First of all, the offended party is a competent witness. The evidence shows that she is merely feeble-minded or mentally retarded whose actual age at the time when the crime was committed was 19 years but whose mental age was that of a five-year old child. The record shows that she was not insane and she could convey her ideas by words and signs. Therefore, she is not disqualified from becoming a witness pursuant to Section 19, Rule 130, of the Rules of Court, which disqualifies from being witnesses those "who are of unsound mind at the time of their production for examination, to such a degree as to be incapable of perceiving and making known their perception to others." Furthermore, the evidence shows that the offended party made sufficiently intelligent answers to the questions propounded to her as to how, where and by whom the crime of rape had been committed. Exactly in point is the case of People v. Daing, 49 O.G. 2336, which involved the crime of rape committed on a feeble-minded girl, 14 years of age, and wherein the court held that the offended party was a competent witness because, although it was shown during the trial that her mental capacities were not normally developed, she was able, through mumbled speech, signs and movements of her lips, to identify the appellant and to convey the general idea that she used to run errands for her mother; that she had been raped by the accused, her uncle, who covered her mouth before having carnal knowledge with her; and that she was mad at appellant because he forced her.cralawnad
In the case now before this Court, We find that notwithstanding her mental handicap, Espirita was able to give a clear and consistent narrative of how she was raped, declaring that she was told by the accused to go to the storeroom as the "gaw-gaw" was there; that she was forced to lie down by the accused, the accused holding a bladed instrument, which she referred to as a knife or a bolo and that accused had sexual intercourse with her. Throughout her testimony, she steadfastly stuck to her statement that the accused had sexual intercourse with her when she bought starch from him (pp. 7 & 13, tsn, March 18, 1969).
We find insignificant the inconsistencies between Espirita’s declaration that the accused held a bolo, contained in her sworn statement (Exh. "1") made before the municipal judge of Pozorrubio, Pangasinan, on the one hand, and her testimony in court, on the other hand, that accused held a knife 5 inches in length, and between the declaration in the same sworn statement that she was made to lie down on a mat on the floor and her testimony in court that she was forced to lie down on the bed. These are mere matters of insignificant details which do not pertain to facts of substance and value and would not affect the result of the case. For Espirita, as already stated, had been consistent and steadfast in her declaration that she had been the subject of sexual intercourse by the accused-appellant when she bought starch from the store of the latter and that she was threatened with a bladed instrument on that occasion.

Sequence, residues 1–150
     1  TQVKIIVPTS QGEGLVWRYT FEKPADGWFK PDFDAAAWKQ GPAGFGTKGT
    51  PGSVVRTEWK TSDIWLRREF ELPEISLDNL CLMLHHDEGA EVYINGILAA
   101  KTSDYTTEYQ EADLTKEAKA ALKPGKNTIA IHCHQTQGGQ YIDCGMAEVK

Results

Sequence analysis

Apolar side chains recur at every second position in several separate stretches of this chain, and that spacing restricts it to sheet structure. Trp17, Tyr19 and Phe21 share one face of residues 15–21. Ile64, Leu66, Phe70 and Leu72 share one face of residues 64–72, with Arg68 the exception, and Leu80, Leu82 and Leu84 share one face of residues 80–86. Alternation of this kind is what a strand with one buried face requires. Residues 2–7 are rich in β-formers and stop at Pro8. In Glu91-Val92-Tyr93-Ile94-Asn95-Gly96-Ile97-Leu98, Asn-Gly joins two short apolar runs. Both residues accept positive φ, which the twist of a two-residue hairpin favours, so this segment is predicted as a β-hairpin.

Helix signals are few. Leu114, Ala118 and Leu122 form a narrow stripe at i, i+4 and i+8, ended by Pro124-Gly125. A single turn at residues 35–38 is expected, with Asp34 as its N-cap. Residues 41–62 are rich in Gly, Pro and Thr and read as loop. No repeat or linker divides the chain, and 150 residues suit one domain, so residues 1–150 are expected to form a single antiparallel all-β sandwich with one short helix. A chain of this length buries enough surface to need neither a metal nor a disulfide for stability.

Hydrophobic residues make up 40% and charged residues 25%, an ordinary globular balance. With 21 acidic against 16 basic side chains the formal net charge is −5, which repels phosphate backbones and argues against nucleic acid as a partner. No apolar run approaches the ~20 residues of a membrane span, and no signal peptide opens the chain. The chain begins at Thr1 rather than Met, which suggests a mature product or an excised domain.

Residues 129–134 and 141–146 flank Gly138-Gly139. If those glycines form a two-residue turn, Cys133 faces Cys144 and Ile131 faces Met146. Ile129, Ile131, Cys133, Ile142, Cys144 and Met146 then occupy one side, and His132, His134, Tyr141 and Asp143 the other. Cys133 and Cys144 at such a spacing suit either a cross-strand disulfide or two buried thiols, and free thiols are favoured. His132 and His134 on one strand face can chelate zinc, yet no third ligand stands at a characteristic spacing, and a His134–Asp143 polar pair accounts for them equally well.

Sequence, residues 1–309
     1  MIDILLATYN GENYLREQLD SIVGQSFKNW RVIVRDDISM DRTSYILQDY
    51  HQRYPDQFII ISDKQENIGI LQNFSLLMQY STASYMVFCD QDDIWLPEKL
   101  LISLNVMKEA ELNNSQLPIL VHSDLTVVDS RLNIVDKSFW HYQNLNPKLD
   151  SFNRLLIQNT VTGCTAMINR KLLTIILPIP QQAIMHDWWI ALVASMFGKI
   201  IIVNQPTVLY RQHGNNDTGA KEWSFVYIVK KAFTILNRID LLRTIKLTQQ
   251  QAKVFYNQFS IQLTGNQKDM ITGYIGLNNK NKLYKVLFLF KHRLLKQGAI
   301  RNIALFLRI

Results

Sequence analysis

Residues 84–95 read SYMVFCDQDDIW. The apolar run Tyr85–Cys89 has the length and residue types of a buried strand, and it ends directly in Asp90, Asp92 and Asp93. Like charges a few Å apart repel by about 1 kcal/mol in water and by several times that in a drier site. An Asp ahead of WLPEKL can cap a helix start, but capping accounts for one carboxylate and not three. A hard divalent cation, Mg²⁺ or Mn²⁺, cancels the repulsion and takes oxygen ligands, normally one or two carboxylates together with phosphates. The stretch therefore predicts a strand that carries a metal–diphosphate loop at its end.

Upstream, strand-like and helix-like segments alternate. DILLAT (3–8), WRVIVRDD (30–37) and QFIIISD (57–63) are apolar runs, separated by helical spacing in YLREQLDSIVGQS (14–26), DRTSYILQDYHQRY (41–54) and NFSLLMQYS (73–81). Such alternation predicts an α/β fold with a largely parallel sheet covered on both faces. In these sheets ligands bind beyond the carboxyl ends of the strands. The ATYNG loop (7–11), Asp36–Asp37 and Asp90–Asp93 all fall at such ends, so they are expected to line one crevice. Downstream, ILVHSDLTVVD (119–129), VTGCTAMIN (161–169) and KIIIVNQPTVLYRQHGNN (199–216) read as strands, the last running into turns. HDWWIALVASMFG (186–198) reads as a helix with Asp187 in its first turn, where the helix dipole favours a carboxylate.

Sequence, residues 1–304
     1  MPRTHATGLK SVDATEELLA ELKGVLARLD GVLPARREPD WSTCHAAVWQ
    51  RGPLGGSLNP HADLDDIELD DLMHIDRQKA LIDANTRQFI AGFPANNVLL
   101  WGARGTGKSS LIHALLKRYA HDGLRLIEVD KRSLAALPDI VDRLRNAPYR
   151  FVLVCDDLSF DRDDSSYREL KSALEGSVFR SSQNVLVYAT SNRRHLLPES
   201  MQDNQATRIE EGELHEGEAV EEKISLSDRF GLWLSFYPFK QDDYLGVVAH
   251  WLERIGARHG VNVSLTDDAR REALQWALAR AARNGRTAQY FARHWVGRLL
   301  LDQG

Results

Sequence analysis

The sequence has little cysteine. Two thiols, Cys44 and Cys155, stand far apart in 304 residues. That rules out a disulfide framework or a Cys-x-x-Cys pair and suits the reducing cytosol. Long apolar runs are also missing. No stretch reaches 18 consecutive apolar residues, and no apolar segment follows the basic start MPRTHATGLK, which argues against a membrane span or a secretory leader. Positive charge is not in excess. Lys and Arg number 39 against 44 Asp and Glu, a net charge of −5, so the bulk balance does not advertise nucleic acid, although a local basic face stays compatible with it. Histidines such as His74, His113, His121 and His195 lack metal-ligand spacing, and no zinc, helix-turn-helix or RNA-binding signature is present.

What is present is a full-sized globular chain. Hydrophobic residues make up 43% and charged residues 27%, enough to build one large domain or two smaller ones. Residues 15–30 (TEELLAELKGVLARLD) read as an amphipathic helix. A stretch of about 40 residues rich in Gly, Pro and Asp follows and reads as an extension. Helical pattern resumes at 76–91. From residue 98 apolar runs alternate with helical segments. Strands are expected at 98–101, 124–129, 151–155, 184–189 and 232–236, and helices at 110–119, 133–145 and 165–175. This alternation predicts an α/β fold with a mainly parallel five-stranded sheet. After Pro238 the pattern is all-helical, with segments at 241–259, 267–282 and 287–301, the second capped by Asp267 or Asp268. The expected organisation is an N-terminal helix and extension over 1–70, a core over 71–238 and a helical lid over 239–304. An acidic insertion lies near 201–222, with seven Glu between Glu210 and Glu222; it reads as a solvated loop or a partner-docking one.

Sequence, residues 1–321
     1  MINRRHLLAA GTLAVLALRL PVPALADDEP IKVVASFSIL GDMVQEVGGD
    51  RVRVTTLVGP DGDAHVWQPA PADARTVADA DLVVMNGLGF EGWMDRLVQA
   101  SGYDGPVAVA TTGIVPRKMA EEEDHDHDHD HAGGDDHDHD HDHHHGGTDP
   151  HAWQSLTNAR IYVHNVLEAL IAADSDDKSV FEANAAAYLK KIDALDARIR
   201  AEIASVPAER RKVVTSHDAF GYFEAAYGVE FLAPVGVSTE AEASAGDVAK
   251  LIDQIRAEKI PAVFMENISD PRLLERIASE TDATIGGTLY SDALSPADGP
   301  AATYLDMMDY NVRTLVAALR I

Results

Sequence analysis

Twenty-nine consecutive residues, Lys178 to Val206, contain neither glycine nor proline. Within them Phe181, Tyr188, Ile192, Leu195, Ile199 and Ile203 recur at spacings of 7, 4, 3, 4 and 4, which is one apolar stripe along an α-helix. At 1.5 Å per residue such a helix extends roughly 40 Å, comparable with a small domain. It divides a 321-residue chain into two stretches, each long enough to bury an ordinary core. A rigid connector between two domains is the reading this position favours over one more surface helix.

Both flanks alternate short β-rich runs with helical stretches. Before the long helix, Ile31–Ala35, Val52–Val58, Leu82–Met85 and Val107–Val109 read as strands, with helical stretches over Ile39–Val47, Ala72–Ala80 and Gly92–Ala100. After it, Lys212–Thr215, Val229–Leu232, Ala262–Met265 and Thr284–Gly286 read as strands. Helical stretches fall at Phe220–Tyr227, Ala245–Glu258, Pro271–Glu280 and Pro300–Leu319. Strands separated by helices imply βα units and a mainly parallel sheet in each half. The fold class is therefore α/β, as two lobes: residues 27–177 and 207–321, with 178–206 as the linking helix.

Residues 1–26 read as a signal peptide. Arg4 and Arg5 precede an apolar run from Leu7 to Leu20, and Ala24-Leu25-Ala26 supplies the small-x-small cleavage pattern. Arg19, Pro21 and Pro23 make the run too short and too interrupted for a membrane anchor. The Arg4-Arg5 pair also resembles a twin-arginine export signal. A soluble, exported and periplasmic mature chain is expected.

The other statement made by Espirita — and referred to by appellant as indicative of her untrustworthiness as a witness — that the accused had carnal knowledge with her for one hour and she spat blood thereafter; that the rape took place five years ago; that the head of a baby was removed from her womb by a physician likewise must be dismissed as undeserving of serious consideration. Statements of such nature may be attributed to the mental retardation of the offended party and lapses such as these may be naturally expected of someone in her mental condition. At any rate, the statements refer merely to inconsequential matters which cannot defeat or negate her steadfast declarations on the fact that on the occasion of her buying starch from appellant’s store, she was the victim of sexual intercourse committed by appellant who held a bladed instrument and which took place in the storeroom beside the store.
Anent Espirita’s statements concerning the fact that her brother and mother owed the accused money and that the former had demanded P2,000.00 from the accused for the settlement of the case, suffice it to say that, even if these statements were true, this would not have affected the fact established convincingly by the evidence that Espirita was the victim of the crime of rape committed by the accused.